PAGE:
Rugby, in its Union guise at least, has never been viewed as a truly mainstream sport. Bit too posh, maybe. Always, because of the game’s fabled roots, finding itself wrapped up in the English class system, even now. Total nonsense of course (Ben Morgan, posh? You must be bloody joking…), but it’s an impression that continues to stick.
Interim coach Stuart Lancaster even called for a bit of what he referred to as “working-class humility” on the eve of this Six Nations campaign, asking his England charges to take inspiration from rugby league.
Like tennis, rugby is generally seen as a game for the more affluent, suburban members of society. And yet the sport (just like tennis again) has a fine tradition of outreach work and charity events, involving what the newspapers like to call the “less enfranchised”.
Football in the community schemes are well established, and tend to generate plenty of publicity (naturally enough) but they shouldn’t overshadow social inclusion programmes like the recently launched Hitz, which aims to give inner-city kids an introduction to the game, and encourages them to continue with the sport and “utilise rugby’s unique ethos”.
This doesn’t mean necking 10 pints of Old Peculiar and dropping your trousers in public. Rather, the idea is to embrace sporting values, learn something about team spirit and having respect for your opponents - with a bit of fitness and diet advice thrown in.
So, school kids in London boroughs like Hackney and Southwark get to scrum down with each other (or play more basic, easier games of tag rugby) at a local sports centre, or on trips out of the city, with the help of sponsors and partners including the RFU and, notably, the Metropolitan Police.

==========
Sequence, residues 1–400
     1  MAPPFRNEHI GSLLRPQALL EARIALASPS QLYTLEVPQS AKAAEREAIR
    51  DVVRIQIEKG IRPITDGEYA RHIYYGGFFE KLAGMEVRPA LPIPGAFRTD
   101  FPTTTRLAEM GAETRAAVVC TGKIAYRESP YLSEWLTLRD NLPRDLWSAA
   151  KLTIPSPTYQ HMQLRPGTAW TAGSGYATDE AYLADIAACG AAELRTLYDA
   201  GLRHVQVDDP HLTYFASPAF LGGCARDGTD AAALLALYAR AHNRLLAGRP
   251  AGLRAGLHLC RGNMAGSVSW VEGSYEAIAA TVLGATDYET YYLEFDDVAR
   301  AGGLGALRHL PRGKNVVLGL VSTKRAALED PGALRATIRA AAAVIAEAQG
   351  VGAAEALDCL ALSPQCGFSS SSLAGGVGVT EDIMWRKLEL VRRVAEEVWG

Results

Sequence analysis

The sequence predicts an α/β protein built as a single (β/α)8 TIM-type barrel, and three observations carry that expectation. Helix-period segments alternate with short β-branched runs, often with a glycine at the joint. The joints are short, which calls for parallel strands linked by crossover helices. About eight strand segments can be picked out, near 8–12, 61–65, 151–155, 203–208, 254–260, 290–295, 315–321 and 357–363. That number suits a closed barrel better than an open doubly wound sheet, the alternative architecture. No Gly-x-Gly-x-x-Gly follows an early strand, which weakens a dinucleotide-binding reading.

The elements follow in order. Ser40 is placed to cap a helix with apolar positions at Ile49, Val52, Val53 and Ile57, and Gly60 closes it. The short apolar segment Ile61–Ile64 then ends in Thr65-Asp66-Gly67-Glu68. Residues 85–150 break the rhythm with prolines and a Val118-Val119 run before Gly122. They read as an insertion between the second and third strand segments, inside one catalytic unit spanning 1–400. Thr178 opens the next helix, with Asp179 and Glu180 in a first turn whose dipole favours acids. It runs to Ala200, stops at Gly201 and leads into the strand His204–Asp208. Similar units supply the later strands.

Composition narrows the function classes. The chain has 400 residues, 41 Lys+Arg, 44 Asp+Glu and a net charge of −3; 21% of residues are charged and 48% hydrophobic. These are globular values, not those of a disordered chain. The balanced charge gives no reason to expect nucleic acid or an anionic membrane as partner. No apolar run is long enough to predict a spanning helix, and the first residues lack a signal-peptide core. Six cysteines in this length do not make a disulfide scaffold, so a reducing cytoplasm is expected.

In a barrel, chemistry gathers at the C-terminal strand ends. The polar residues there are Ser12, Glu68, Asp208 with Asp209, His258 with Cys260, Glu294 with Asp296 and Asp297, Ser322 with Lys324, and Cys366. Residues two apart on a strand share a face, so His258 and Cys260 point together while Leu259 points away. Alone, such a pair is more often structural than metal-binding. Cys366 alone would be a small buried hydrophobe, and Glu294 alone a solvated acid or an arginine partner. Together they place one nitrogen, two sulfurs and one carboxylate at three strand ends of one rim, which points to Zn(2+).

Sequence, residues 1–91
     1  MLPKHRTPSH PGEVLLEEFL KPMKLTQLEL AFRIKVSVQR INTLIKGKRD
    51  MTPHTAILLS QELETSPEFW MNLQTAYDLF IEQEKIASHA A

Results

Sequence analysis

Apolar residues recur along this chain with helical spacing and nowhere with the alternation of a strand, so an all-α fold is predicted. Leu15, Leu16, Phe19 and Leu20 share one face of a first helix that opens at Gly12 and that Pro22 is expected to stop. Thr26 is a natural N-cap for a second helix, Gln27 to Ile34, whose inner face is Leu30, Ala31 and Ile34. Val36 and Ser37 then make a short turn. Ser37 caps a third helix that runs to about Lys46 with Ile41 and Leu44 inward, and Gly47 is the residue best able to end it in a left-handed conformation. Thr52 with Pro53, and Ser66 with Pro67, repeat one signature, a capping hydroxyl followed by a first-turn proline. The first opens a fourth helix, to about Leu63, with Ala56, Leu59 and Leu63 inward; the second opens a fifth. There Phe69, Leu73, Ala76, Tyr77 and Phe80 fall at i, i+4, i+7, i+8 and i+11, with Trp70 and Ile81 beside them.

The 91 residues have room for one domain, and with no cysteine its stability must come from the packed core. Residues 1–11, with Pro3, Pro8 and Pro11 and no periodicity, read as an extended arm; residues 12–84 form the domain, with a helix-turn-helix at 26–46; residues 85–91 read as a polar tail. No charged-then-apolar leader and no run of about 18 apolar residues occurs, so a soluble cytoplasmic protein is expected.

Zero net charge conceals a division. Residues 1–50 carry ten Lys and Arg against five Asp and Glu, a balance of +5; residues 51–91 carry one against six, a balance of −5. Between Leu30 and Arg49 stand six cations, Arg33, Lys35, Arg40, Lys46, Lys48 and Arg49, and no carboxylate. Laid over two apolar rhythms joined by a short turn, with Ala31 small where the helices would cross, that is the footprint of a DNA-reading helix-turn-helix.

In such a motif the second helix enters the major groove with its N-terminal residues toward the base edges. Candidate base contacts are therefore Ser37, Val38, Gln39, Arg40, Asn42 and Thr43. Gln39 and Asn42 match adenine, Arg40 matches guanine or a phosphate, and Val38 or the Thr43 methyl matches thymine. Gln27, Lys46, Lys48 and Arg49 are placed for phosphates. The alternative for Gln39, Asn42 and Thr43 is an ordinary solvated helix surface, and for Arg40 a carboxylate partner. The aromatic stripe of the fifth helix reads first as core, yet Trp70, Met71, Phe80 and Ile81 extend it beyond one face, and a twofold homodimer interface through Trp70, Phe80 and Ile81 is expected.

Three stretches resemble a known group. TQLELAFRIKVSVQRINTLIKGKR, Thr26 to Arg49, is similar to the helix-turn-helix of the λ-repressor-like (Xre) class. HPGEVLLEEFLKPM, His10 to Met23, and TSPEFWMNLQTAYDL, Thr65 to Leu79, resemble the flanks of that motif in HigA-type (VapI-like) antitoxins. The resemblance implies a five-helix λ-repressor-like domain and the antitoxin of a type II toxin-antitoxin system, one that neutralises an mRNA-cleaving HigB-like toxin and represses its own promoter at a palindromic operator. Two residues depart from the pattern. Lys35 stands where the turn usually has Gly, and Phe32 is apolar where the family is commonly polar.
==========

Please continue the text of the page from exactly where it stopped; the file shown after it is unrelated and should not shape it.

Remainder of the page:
Coaches are all voluntary (you need at least a Level 1 Rugby Union coaching award or equivalent if you fancy applying), and players make the occasional appearance to bring a bit of buzz and glamour to proceedings (yes, even Ben Morgan).
As well as Hitz, organisations like Tackling Numbers - helping kids with maths through rugby - are launched with the support of Saracens skipper Steve Borthwick, while the award-winning Phoenix Project from the Bristol Rugby Community Foundation offers troubled youth a range of schemes, including Bright Sparks and The Inferno Programme.
Northampton Saints have been involved in initiatives to combat child obesity and help adults (maybe kids too) give up smoking and Bath Rugby’s Community Foundation, established back in 2003, is big on learning foreign languages.
It’s all good stuff. And of course it can work both ways. No-one’s necessarily expecting any of these kids to don an England shirt one day, but if the game can gain a foothold in communities where previously it was completely off the radar, rugby can start to enjoy the benefits of a wider support base.
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